Camera brands these days want to make it seem like there are healthy camera sales and that people are getting back into photography. While that may be true, it’s obfuscating a much bigger problem that isn’t being talked about enough. It starts with firmware and the complaints so many consumers have been giving camera manufacturers for years now. More than any time ever before, though, there’s a major justification for the camera manufacturers to address this very big problem.
There’s Too Much Supply
Canon, Sony, Panasonic, OM System, and Leica have a problem right now — they made way too many cameras. We should really talk about this in-depth:
- Canon still has the Canon EOS R6 in stock even though the Mk II is out. Thankfully, they still give it a few firmware updates.
- Sony still has nearly every single camera from the Sony a7 II available for purchase. Yet they stopped supporting those cameras via firmware updates for a while now.
- OM System has the EM1 series and others still around in stock. There aren’t many if any firmware updates on cameras like those.
- Leica hasn’t ever really been huge on firmware updates except for the past few years. The Leica M10R is really what’s available in stores that are older, along with a few other cameras. Firmware updates aren’t always available for these brand-new cameras.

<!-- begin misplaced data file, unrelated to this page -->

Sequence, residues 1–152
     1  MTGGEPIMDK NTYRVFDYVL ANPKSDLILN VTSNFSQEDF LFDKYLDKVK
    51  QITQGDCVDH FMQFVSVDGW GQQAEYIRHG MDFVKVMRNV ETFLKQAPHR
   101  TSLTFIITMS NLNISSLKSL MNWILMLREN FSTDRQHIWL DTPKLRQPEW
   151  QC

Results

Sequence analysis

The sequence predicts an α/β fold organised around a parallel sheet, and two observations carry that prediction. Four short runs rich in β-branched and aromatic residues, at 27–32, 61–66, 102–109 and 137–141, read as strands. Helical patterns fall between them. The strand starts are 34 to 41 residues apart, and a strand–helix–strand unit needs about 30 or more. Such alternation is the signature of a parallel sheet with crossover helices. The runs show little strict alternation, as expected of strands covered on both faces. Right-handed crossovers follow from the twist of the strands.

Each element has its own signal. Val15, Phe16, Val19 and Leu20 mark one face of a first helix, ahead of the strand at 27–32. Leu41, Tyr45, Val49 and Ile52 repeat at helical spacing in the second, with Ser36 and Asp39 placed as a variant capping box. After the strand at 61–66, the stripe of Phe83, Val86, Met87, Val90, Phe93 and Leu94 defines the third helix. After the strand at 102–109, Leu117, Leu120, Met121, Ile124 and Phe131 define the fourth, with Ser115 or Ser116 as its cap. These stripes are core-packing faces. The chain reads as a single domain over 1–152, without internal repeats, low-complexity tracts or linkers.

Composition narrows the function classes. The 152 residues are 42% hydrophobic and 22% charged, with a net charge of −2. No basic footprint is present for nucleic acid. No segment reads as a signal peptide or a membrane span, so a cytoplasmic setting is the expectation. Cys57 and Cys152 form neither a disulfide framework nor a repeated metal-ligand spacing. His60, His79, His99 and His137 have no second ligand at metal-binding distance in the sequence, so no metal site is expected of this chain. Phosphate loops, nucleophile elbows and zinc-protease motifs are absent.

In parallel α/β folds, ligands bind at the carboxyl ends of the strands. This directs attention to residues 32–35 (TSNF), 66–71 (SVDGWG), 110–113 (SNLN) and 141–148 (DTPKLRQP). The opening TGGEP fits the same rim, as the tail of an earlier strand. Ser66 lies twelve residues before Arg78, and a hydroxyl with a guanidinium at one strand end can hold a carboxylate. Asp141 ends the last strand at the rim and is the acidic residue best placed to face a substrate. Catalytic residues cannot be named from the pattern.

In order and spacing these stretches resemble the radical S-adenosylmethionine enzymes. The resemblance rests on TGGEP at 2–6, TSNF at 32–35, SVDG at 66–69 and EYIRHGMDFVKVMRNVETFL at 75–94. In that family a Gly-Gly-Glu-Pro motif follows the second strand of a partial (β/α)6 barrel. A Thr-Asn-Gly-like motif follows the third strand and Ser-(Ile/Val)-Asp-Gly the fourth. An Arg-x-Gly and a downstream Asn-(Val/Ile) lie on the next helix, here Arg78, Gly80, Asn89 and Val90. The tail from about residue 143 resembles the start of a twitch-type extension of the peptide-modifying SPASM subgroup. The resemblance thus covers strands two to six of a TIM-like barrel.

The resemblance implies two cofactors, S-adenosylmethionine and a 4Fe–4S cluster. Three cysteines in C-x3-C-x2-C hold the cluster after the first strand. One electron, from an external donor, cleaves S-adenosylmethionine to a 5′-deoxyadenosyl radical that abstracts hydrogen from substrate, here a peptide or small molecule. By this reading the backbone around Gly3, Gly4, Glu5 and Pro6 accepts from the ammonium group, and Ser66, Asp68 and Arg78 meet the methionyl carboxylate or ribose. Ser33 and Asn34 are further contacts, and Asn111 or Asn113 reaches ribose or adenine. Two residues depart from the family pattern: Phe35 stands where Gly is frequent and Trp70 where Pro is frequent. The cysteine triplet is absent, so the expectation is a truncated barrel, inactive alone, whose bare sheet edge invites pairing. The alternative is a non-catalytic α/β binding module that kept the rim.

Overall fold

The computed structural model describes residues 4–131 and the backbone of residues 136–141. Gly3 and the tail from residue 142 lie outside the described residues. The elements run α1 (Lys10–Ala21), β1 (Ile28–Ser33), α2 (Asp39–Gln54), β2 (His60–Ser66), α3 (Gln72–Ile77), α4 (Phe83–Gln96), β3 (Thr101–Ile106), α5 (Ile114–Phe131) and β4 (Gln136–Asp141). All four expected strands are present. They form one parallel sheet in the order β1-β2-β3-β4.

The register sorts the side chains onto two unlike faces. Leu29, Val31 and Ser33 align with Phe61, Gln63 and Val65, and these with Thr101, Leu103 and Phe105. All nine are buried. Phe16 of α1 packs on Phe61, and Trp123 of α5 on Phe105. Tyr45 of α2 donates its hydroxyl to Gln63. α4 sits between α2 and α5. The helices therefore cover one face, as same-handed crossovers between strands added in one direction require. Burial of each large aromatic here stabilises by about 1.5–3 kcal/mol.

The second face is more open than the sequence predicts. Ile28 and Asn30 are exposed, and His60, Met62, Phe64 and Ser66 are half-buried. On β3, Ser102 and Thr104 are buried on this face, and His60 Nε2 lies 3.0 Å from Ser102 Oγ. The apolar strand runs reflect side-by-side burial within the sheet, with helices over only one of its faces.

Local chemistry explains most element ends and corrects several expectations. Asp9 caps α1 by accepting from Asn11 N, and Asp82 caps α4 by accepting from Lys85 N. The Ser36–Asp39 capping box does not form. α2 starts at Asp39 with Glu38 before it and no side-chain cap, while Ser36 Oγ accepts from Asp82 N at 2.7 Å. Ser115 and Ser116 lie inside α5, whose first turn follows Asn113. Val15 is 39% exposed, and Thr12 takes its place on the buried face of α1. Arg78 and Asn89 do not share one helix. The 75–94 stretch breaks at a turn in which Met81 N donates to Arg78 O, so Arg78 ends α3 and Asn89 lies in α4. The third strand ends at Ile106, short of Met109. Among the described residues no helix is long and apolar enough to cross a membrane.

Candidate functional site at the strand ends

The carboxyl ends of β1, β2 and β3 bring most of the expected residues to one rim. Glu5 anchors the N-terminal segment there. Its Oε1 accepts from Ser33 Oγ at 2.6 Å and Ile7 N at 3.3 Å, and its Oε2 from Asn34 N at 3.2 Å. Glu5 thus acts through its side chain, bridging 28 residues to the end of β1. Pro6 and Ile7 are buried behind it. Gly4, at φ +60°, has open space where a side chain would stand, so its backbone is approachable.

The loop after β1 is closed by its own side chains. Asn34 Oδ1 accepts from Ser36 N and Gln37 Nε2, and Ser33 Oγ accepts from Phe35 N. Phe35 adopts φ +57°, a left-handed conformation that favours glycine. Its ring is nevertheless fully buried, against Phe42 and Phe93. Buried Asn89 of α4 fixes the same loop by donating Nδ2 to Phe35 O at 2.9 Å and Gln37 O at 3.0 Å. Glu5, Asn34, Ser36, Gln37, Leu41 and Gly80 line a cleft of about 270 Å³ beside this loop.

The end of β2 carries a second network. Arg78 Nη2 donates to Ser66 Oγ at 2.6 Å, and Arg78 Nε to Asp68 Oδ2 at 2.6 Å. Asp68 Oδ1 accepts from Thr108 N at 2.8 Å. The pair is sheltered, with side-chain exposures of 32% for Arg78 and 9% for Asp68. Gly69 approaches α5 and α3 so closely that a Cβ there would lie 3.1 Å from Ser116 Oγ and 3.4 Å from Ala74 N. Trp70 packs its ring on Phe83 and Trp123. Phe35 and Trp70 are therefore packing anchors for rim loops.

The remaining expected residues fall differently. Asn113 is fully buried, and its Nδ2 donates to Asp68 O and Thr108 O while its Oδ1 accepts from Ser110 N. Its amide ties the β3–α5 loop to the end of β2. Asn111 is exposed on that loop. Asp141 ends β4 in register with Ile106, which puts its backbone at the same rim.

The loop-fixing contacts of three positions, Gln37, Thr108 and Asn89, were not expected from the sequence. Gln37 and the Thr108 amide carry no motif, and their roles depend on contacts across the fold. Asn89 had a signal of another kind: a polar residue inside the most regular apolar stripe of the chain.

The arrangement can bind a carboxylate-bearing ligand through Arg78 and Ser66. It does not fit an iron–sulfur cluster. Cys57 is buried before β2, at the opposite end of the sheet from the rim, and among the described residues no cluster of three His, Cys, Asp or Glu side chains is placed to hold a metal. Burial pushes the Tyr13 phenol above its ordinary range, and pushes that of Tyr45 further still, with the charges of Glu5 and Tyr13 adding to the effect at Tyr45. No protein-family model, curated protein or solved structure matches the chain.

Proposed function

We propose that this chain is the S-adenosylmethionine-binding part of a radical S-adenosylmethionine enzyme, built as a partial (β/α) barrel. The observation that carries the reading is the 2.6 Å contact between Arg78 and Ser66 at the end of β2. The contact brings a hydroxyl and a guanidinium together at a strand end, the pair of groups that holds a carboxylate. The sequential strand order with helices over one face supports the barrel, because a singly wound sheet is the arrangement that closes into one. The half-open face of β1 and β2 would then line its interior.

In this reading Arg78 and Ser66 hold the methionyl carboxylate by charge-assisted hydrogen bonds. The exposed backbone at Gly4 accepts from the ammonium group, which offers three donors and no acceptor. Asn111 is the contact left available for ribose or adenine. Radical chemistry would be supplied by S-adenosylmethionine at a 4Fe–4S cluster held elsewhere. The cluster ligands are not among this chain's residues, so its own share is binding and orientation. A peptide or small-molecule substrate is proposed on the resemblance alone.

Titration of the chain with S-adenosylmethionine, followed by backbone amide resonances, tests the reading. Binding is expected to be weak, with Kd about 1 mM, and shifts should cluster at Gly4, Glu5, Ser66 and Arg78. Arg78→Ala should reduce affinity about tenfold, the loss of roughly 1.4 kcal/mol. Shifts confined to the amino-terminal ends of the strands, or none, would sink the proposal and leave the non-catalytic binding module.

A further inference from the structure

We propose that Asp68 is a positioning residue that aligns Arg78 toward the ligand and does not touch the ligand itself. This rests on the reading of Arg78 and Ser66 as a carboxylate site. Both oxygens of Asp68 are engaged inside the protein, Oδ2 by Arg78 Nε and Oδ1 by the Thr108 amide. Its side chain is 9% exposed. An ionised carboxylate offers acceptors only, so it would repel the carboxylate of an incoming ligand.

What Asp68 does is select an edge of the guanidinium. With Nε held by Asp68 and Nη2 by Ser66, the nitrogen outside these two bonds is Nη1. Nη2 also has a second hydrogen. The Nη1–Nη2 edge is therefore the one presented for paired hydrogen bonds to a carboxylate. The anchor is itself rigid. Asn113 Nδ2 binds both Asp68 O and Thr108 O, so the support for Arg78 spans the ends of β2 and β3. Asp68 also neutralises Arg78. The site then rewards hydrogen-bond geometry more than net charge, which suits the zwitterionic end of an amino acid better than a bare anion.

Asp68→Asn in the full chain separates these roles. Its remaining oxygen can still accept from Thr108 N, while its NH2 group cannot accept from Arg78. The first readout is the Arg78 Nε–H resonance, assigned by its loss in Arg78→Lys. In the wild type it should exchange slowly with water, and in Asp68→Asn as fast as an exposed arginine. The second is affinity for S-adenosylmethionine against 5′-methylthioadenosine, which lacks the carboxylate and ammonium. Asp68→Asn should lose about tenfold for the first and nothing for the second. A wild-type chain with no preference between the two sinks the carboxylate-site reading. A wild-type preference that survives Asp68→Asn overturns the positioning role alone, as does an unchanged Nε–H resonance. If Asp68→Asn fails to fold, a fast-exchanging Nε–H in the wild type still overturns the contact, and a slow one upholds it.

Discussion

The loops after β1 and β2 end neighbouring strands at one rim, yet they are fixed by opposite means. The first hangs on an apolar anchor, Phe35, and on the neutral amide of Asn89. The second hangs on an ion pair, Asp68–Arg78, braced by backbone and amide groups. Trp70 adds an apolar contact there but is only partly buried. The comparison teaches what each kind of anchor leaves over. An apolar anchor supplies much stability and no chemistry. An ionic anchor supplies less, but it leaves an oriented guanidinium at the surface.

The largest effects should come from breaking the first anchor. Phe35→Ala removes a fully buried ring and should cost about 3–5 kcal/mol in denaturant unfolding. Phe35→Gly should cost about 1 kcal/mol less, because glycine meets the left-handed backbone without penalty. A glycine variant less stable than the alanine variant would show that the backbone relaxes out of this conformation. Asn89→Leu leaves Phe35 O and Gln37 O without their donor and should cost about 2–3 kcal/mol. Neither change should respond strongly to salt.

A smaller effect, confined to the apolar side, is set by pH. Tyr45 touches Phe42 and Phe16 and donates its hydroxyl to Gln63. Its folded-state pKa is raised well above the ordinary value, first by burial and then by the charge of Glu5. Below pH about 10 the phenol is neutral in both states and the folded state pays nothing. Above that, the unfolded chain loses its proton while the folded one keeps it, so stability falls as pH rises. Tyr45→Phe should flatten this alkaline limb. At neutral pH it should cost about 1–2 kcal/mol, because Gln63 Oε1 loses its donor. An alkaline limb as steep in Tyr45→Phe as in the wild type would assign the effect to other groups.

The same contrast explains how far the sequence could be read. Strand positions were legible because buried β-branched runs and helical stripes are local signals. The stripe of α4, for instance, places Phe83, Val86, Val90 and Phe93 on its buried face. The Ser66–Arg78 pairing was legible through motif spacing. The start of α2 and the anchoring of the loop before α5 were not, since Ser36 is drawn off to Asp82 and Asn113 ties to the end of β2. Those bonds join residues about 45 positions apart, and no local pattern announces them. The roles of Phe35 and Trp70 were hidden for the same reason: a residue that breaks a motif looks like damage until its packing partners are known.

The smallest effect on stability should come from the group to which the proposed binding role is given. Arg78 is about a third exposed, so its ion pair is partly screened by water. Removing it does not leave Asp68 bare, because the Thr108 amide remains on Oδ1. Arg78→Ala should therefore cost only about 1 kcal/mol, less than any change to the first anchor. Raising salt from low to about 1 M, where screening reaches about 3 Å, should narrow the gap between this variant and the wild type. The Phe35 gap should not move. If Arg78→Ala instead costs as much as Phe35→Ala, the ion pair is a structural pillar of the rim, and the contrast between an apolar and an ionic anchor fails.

- Panasonic has the S5 and a few other cameras still around in stock in stores as well.
Brands like Fujifilm and Nikon have made very big pushes on sales. I had to ensure that the Fujifilm XT4 wasn’t in stock at some of the bigger brands before I mentioned them. However, since the XH1, Fujifilm has been huge on pushing sales of their products when they’re being phased out. Canon has also traditionally been pretty big on this. And this year, I hope that all the brands majorly drop their prices around Black Friday or even before to push those cameras into consumers’ hands.
Quite honestly, some have even contacted us about trying to help them move those cameras because we’re typically so good at it in our affiliate efforts.
What to Do About It
So what am I getting at here? Well, there’s a big problem. Obviously, cameras aren’t necessarily moving yet the brands are abandoning the new stock and making new cameras instead. Further, there aren’t sales initiatives that are strong enough to make someone want to buy the new (older) cameras. To that end, cameras like the Sony a7 II sit there on a shelf, not being purchased and also never being supported via firmware update.
Why would someone buy a brand new and now discontinued camera then? Why isn’t the price driven down considerably? And if the price is kept high, why isn’t there support for those cameras via firmware updates? Obviously, Sony and the other companies have made their profits off of those cameras already.
Quite honestly, it’s possible that we’ll see a Sony a7 V while the Sony a7 II is still available for brand new in stock at stores.
Ultimately, what I’m saying is that two things need to happen. Either the camera brands need to drastically drop the prices of their discontinued but still brand-new cameras, or they need to start supporting their older cameras again in order to sell them. These brands have had a lot of problems trying to sell them when so many cameras are similar and available at competitive price points.
Firmware shouldn’t be a bad word.